Wooing Lebanese hearts, one leaflet at a time

Israel is using leaflets and even e-mails to try to turn Lebanese against Hizbullah, but experts doubt that it will work.

By , Staff writer of The Christian Science Monitor

Many of the remaining residents of southern Lebanon's war-torn towns are accustomed to the hollow thump of an explosion in the sky followed by hundreds of leaflets fluttering to streets like confetti.

They typically tell residents to leave before the bombs fall – an Israeli effort to avoid civilian casualties such as Sunday's killing of at least 65 in Qana. Head north of the Litani River "because of the terrorist activities that have been carried out against the State of Israel," they warn.

But other fliers fluttering down over Lebanon aim to foster Lebanese anger at Hizbullah, a much more ambitious effort than evacuating the country's Shiite south. Those depict Hassan Nasrallah as a cobra or show the Hizbullah chief cowering behind a shield bearing a picture of a Lebanese family.

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Known as a "propaganda bomb" or by its slightly more euphemistic term, "airborne propaganda distribution," the technique of trying to sway civilians or combatants by flooding them with fliers has been around since World War II.

But today, what military-types dub psy-ops – or psychological operations – is also encompassing the technological advance of communication. Many Lebanese say they've been getting e-mails, text messages, and phone calls from Israel. One phone message said that Nasrallah had been badly wounded in an Israeli strike. Another claimed that people paid by Hizbullah were worried that they would no longer receive their monthly salaries.

But given the deep mistrust of Israel in Lebanon, many here and abroad wonder whether Israel is making an impact – be it in persuading the vulnerable to move or in winning hearts and minds in the campaign to discredit Hizbullah.

'Hello, this is the Israeli Army'

Hassan Dbouk, who works with the Tyre, Lebanon, municipality, says he received a phone call and heard a voice say, "This is the Israeli Army. We are about to increase our military operations in south Lebanon, and you are advised to leave immediately to north of the Litani." But Mr. Dbouk stayed.

"I think it's not very helpful, because the idea that the public will somehow exercise pressure on Hizbullah is baseless," says Moshe Maoz, an expert on Lebanon and Syria at the Hebrew University in Jerusalem. "If we saw Israel just [striking at] the Hizbullah positions, fine," he says. But when civilians and civilian infrastructure are hit, "the public doesn't blame the Hizbullah for it – they simply hate Israel more."

Israeli officials say the leafleting does have an effect. First, argues Foreign Ministry Spokesman Mark Regev, it gets civilians to move away from the fighting. Second, he says, it sends a political message.

"Ultimately, our enemy is Hizbullah. Our enemy is not the Lebanese people," Mr. Regev says. "Hizbullah is not just holding two Israeli servicepeople hostage. Hizbullah is holding the Lebanese people hostage."

The Israeli Army has declined to comment on its propaganda drops and would not confirm that the picture of Nasrallah as a snake, dropped over Lebanon earlier in the three-week-old conflict, was its own. However, the Israeli Defense Forces provided the Monitor with several other examples of fliers that have been dropped over Lebanon and says such activities are continuing. One illustrates Lebanese names on tombstones, and throws doubt on Nasrallah comments about Hizbullah not suffering many losses. "He will continue to deceive you!" it reads.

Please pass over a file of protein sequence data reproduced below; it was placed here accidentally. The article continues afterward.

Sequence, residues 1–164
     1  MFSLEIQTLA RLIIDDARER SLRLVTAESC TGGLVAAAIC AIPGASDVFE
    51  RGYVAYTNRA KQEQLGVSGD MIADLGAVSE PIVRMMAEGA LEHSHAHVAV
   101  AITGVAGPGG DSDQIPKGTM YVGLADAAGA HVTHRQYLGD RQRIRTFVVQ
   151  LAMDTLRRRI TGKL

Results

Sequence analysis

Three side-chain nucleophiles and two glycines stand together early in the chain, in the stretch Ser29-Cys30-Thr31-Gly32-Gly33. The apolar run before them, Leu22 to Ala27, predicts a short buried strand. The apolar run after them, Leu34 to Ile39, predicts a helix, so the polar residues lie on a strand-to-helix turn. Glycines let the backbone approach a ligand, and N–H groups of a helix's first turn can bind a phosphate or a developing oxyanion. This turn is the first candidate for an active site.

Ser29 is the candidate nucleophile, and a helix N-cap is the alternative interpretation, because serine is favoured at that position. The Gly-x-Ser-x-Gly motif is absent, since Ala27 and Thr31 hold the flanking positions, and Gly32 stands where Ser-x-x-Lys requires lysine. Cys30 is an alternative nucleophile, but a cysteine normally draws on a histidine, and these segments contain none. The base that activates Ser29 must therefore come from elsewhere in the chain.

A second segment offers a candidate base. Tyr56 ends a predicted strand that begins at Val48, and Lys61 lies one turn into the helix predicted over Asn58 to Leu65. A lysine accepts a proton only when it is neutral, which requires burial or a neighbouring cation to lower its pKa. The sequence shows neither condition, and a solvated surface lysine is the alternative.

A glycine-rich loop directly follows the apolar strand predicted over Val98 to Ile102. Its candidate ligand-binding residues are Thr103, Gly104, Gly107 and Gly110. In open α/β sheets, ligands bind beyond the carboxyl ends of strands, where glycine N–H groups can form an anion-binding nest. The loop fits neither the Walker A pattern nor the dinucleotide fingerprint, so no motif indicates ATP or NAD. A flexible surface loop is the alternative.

Military analyst Nate Hughes says few Lebanese appear persuaded.

"I honestly don't think they can destroy Nasrallah's support that way," says Mr. Hughes, an expert at Stratfor, a strategic consulting firm in Austin, Texas.

"Most people are going to pick those up and keep them as souvenirs," he quips. "Dear Lebanon, Nasrallah is bad for you. Sincerely, Israel."

He leaves open the possibility, however, that some Lebanese, disenchanted with Hizbullah, could be inspired by the messages. "Maybe if you plant a seed of doubt, you can get someone to be recruited for the intelligence services," adds Hughes. "Israel would love to drive a wedge between the population and Hizbullah."

The wrong focus?

Jerrold Post, a professor of political psychology at George Washington University in Washington, surmises that Israel's focus in its psychological operations should not be on changing the already well-formed inclinations of Hizbullah's core supporters. Rather, it should focus on dissuading young men from joining.

"What's really necessary is a ... program to inhibit potential recruits from joining, to [delegitimize] the group and its leader," he says.

The very term "psy-ops" carries a somewhat sinister ring, or at the least, conjures up Cold War-era images of cloak-and-dagger behavior. Yet many military analysts say it has often been a very useful tool in decreasing numbers of both civilians and combat casualties.

For example, Dr. Post says, during the first Gulf War in 1991, the US military carpeted Iraqi soldiers with fliers urging them not to fight; the tactic was credited with helping the US to beat the Iraqi Army with unexpected alacrity.

Paul Beaver, a London-based defense analyst, says that dropping fliers is meant as a gesture as much as it is a persuasion tactic. At times, it might even be done to improve the image of the Israeli Army's operations in Lebanon. "They're basically saying, 'Here we are, we are good guys, we're doing everything you would want to avoid hurting anyone,' " he says.

Correspondent Nicholas Blanford contributed reporting from Tyre, Lebanon.

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